Slope design at Cuajone Pit, Peru

Esteban Hormazabal, Raul Veramendi, Jorge Barrios, Gabriel Zuniga Olate, Felipe Gonzalez
2013 Proceedings of the 2013 International Symposium on Slope Stability in Open Pit Mining and Civil Engineering   unpublished
The Cuajone porphyry copper deposit is located on the western slopes of Cordillera Occidental, the southern Andes of Peru. The current pit measures about 2.5 km east-west, 3.0 km north-south, and at the end of 2012, had a maximum depth of 950 m. Mining by open pit methods commenced in 1976 and has continued since that time. Ore production is 80 ktpd. As part of the slope design program and slope optimisation, the past and present performance of the pit slopes was evaluated to provide
more » ... on the potential behaviour of future pit expansion. A geomechanical assessment is being carried out to evaluate the stability of the walls of the next expansion. To evaluate the stability of the open pit, a series of geotechnical studies have been performed. These studies involve, among others, slope stability analyses based on limit equilibrium methods and finite element numerical models. In addition, a detailed back-analysis of a five million ton failure (DSE42) was performed to calibrate rock mass properties and to understand slope behaviour in poor rock mass quality. This paper describes the back-analysis of the DSE42 failure and the slope design process for the current pit and next pushback. SPCC is currently evaluating at a feasibility engineering level the LOM for the next 15 years of mining of the Cuajone pit. The Cuajone porphyry copper deposit is located on the western slopes of Cordillera Occidental, the southern Andes of Peru (see Figure 1 ). At Cuajone Mine, the experience of past failures provides an excellent basis for design of the proposed designs. The geological and structural information gathered by the mine staff also provides good data for the confidence in design. Since there is a measure of apprehension of successful slope design implementation from past failures, back-analyses of these failures are essential to provide the level of confidence in parameters that is required to proceed with the next pushback. 2 Engineering geology Mine geology The Cuajone district exposes several thousand metres of volcanic rocks assigned by Bellido and Landa (1965) and Bellido (1979) to the Paraleque Volcanics and Quellaveco Formation of the Upper Cretaceous to Paleocene Toquepala Group. The stratigraphy will be divided into three broad categories: pre−mineralisation rocks; intrusive rocks; and post-mineralisation rocks.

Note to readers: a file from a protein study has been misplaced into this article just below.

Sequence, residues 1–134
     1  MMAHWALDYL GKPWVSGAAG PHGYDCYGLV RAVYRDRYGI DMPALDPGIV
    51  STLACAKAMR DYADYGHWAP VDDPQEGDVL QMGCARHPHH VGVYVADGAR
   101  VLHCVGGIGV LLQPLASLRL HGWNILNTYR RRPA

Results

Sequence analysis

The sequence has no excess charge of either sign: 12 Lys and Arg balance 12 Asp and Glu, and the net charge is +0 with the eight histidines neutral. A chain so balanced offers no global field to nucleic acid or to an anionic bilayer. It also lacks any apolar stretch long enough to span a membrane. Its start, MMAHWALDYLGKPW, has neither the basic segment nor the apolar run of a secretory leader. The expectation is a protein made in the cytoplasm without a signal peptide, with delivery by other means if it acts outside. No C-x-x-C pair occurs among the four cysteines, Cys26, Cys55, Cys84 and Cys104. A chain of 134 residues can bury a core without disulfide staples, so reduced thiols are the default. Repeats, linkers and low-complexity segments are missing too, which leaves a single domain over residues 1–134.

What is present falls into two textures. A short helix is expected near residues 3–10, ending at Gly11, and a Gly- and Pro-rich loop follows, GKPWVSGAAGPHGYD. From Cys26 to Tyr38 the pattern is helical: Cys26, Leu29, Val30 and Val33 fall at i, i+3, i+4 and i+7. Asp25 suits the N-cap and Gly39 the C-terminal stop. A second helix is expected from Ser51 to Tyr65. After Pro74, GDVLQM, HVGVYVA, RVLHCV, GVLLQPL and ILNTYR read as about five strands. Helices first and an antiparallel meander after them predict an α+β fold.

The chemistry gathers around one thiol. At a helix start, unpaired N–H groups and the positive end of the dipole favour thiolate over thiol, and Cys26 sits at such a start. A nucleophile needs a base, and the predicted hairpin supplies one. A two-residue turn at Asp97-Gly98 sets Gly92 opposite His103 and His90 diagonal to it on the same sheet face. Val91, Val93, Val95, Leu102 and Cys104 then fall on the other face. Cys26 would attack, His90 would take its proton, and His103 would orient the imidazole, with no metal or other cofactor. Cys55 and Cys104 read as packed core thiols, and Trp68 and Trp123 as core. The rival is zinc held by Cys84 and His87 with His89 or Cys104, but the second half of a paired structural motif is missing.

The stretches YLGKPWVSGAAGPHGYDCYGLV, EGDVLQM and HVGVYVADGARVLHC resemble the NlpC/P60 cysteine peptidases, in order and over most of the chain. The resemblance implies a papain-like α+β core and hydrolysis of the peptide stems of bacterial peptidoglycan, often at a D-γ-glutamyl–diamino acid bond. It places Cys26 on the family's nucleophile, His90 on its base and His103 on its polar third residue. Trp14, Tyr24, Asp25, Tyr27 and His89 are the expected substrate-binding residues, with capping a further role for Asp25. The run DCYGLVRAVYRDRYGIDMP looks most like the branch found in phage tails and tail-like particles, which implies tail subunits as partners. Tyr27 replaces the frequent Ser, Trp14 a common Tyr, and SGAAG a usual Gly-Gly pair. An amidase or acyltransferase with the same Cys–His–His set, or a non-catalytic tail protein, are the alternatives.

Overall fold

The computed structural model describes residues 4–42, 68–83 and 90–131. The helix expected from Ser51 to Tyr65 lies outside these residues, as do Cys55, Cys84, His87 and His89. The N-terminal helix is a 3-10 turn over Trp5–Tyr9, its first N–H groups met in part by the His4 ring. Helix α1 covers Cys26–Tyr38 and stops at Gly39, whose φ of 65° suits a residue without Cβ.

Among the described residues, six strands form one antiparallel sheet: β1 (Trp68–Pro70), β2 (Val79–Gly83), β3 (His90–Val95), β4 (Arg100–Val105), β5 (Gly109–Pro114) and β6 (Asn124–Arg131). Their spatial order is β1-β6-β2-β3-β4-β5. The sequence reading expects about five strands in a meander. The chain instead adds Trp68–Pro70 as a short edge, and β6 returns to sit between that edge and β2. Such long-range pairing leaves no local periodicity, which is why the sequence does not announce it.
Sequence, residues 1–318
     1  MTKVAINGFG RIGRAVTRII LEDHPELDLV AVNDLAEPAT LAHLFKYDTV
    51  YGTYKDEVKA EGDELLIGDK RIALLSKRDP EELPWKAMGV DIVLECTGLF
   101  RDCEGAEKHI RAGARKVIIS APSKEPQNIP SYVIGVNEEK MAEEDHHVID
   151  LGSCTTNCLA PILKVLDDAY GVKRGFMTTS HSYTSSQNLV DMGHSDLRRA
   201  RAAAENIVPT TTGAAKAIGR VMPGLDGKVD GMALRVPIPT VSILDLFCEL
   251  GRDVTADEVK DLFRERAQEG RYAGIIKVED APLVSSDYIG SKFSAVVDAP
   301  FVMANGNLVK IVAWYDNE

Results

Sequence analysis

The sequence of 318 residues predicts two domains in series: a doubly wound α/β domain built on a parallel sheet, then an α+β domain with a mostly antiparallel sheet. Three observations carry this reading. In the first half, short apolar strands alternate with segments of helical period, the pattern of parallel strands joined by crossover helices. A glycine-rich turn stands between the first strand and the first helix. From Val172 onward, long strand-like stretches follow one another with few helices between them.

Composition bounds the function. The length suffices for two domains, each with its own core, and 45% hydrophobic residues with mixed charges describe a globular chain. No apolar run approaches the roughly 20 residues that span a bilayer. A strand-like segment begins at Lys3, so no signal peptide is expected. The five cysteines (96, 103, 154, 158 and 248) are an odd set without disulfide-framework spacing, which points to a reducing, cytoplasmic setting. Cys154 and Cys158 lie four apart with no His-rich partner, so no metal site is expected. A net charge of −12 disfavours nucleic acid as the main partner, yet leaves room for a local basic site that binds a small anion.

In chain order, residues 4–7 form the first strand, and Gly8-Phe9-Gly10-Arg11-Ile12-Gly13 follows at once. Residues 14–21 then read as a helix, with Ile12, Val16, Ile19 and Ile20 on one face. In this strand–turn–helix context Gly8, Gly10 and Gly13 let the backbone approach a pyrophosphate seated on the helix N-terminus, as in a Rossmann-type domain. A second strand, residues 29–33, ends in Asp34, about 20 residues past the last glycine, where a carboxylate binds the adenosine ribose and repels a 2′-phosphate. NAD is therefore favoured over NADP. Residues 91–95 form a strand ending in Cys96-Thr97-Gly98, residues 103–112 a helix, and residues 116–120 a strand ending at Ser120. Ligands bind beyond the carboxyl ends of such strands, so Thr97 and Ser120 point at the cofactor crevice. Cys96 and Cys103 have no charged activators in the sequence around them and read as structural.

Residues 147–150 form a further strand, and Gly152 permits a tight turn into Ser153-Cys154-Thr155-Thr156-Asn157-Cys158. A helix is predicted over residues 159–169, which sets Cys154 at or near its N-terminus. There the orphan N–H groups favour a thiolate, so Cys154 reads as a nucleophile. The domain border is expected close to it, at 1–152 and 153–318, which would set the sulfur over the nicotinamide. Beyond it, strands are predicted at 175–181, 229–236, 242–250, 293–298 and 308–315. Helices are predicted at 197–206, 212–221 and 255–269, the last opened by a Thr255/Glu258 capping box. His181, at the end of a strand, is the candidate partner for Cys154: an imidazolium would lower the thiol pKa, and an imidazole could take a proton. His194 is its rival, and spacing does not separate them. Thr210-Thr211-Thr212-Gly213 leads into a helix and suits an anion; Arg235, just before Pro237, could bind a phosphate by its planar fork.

doi:10.36487/acg_rep/1308_34_hormazabal fatcat:undmzjgxu5bbxc7lqvyud4the4